The Court of Appeal noted that the case had been conducted with remarkable efficiency by the High Court with the trial lasting about half an hour. The injuries suffered by the injured party involved soft tissue injuries which appeared to have completely resolved within 4 months of the accident.

She was out of work for 6 weeks, got some physiotherapy and took pain killers. At the date of the trial there was no evidence that she would suffer any significant ongoing pain or discomfort.

Court of Appeal

The Court of Appeal noted that damages are meant to be restitutional-that is, put the injured party back in the position they were in before the accident. It noted that pain and suffering had no monetary value but damages were the only way a court can attempt to redress the wrong suffered by an injured plaintiff, but it cannot be restitutional in the true sense.

Damages must be calculated by a conventional sum-that is, what convention and experience society has held to be fair and just for the injury, but the assessment of damages is not amenable to a scientific calculation.

Accordingly, the starting point in assessing damages for any injury is the Book of Quantum of the Injuries Board but it is only a guide and its value may be limited for a wide variety of reasons.

The Court of Appeal noted the merit and value of consistency in awards in personal injury cases generally and the intended introduction of the personal injuries guidelines under the Judicial Council Act 2019 to replace the Book of Quantum.

The Court went on to look at some comparable cases and referred to Nolan v Wirenski which summarised all the relevant authorities in relation to the award of damages. It also held Payne v Nugent [2015] IECA 268 as a useful starting point and the case of Shannon v O’Sullivan [2016] IECA 93 as helpful.

The Court of Appeal held that the Book of Quantum had a significant role to play in this case as the injuries were reasonably defined in terms of categorisation, severity and duration.

It awarded €30,000 for pain and suffering to date and, agreeing with the High Court assessment on this head, €5,000 for pain and suffering into the future. Special damages were agreed at €6,000 therefore the total awarded was €41,000 which substituted the sum of €76,000 awarded by the High Court.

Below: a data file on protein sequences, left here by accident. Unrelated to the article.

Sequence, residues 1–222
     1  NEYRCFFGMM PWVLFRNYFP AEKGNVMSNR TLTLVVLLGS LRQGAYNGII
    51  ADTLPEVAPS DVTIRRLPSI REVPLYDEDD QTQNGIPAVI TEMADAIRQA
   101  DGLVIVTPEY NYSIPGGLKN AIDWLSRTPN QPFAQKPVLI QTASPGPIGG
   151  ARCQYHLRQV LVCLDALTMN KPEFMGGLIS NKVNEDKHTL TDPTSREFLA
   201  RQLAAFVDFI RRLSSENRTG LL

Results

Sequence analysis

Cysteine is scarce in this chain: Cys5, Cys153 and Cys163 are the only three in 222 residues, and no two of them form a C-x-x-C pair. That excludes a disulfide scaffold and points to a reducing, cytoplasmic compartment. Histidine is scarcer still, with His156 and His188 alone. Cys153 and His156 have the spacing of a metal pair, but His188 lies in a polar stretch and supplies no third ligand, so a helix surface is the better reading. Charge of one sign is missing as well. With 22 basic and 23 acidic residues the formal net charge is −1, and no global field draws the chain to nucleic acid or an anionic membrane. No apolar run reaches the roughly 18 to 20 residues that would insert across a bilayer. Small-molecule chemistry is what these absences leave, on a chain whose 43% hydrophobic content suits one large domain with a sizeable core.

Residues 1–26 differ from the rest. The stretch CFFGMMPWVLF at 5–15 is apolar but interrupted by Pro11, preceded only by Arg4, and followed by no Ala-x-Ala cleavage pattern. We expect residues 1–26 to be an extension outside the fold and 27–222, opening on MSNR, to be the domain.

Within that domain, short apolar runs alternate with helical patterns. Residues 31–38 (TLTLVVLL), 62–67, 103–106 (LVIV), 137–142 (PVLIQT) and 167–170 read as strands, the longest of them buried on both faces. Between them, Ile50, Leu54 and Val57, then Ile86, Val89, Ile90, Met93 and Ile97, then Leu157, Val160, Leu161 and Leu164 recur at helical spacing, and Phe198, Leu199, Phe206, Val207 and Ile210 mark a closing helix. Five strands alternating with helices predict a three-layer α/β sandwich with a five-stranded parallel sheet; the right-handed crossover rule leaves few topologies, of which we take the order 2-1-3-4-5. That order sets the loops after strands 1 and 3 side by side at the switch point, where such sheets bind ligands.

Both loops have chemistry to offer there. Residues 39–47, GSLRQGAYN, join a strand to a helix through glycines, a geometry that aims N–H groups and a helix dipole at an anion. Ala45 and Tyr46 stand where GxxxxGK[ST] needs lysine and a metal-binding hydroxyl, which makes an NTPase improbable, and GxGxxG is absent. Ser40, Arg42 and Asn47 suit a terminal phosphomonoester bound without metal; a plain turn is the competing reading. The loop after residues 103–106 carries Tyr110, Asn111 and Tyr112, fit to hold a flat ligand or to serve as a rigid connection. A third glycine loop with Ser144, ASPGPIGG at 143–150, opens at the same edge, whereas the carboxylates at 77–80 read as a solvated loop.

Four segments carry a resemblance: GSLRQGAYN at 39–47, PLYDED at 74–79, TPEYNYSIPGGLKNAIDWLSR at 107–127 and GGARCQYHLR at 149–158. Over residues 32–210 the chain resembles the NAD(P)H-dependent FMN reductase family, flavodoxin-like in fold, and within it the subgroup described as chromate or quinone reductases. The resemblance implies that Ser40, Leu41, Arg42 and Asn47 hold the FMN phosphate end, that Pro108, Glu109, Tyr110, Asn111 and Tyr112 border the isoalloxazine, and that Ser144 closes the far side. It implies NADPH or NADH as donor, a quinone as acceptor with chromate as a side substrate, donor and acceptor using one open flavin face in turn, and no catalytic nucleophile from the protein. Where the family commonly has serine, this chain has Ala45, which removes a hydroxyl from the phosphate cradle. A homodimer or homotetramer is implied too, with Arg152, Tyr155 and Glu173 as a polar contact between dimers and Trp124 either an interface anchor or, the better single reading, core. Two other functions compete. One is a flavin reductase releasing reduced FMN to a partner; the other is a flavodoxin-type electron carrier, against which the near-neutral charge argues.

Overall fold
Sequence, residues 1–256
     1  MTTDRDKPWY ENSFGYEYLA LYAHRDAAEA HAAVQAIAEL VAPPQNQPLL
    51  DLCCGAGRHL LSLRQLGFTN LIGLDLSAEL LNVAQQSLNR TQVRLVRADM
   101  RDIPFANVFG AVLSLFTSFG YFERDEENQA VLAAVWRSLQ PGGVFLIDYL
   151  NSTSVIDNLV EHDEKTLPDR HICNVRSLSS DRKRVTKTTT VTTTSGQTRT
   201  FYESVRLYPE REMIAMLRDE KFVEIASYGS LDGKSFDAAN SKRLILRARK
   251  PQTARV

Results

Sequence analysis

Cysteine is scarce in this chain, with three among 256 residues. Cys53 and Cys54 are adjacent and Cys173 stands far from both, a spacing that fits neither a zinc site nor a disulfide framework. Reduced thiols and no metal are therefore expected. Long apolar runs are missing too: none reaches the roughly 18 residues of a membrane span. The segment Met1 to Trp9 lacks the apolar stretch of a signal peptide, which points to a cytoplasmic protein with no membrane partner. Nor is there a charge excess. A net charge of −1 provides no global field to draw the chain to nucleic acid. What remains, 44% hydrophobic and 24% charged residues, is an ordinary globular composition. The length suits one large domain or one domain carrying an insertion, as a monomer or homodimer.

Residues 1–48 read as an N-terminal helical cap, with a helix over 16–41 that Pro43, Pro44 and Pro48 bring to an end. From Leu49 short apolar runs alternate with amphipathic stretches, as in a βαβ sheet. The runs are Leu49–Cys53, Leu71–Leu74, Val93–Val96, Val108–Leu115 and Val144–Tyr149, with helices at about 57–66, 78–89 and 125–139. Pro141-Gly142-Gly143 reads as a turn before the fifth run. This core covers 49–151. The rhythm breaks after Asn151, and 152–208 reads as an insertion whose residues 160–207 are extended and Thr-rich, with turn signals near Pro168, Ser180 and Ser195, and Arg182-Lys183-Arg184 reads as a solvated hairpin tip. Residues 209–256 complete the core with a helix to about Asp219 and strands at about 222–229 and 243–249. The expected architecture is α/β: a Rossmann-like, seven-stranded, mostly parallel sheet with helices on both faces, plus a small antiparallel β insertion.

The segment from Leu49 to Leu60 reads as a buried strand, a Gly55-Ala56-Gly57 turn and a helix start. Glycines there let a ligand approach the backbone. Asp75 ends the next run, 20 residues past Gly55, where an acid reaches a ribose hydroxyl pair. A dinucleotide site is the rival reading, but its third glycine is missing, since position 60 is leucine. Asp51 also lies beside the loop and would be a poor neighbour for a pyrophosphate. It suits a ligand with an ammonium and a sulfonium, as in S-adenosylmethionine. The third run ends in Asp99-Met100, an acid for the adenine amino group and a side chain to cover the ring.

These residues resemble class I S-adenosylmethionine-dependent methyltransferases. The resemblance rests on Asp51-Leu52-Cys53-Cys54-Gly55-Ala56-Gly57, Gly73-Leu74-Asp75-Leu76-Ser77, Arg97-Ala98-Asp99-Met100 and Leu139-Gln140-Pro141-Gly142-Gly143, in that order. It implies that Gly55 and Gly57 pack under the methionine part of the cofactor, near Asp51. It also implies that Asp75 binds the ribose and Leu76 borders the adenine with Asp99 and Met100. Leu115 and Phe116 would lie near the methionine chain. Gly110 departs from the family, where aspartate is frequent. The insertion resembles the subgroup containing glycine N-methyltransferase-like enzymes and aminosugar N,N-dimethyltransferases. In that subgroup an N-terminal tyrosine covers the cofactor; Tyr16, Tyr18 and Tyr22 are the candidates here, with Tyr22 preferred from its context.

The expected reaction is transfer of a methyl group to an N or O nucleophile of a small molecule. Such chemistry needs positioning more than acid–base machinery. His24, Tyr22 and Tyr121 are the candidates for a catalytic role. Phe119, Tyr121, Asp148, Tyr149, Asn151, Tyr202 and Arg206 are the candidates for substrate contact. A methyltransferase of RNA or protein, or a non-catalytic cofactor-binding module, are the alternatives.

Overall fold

A €35,000 reduction is noteworthy, to put it mildly, especially when it is 50% of the original award.

Regarding costs he invited the parties to make written submissions on the appropriate form of the order to be made. This could be significant as this case was taken in the High Court but the award ultimately made by the Court of Appeal did not agree it was a High Court case.

Takeaway

This is a useful case to read if you are looking for guidance as to how Courts will/should assess personal injury damages. It refers to some other cases and the circumstances where the Book of Quantum can be useful in deciding what is a “conventional sum” and what society holds to be fair and just in attempting to provide restitution for the injury suffered.

Read the full decision here.(Emma McKeown and Alan Crosby and Mary Vocella [2020] IECA 242, High Court record number: 2018/8764P

Categories
Debt Problems | Bankruptcy Property Law

Lay litigant succeeds in having Circuit Court order for repossession quashed by the High Court

A Wexford woman succeeded in the High Court with an application to set aside a Circuit Court order for possession of the family home.

In February 2019 the Circuit Court in Wexford was satisfied that the papers and proofs were in order and granted the order for possession to the lender. Ms Cody claimed that the original mortgage had been entered in her name without her knowledge or consent.

She also claimed her husband had witnessed her signature in her absence and colluded with the lender bank. As a consequence of these allegations she claimed that the mortgage was invalid and any order flowing from that mortgage, for example for possession, was also invalid.